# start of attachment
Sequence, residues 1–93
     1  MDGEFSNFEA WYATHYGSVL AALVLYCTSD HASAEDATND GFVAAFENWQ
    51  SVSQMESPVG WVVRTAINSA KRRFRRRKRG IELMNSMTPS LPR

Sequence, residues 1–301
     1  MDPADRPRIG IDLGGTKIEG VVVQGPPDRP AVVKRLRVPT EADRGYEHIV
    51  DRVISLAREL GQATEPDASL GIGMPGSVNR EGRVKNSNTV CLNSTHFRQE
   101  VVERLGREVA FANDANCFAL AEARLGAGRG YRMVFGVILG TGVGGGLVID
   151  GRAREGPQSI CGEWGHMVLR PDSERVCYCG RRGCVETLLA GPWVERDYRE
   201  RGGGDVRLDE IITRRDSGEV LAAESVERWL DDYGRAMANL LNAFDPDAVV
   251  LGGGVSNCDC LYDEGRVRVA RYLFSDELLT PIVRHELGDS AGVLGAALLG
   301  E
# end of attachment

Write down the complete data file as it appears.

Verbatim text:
Sequence, residues 1–93
     1  MDGEFSNFEA WYATHYGSVL AALVLYCTSD HASAEDATND GFVAAFENWQ
    51  SVSQMESPVG WVVRTAINSA KRRFRRRKRG IELMNSMTPS LPR

Sequence, residues 1–301
     1  MDPADRPRIG IDLGGTKIEG VVVQGPPDRP AVVKRLRVPT EADRGYEHIV
    51  DRVISLAREL GQATEPDASL GIGMPGSVNR EGRVKNSNTV CLNSTHFRQE
   101  VVERLGREVA FANDANCFAL AEARLGAGRG YRMVFGVILG TGVGGGLVID
   151  GRAREGPQSI CGEWGHMVLR PDSERVCYCG RRGCVETLLA GPWVERDYRE
   201  RGGGDVRLDE IITRRDSGEV LAAESVERWL DDYGRAMANL LNAFDPDAVV
   251  LGGGVSNCDC LYDEGRVRVA RYLFSDELLT PIVRHELGDS AGVLGAALLG
   301  E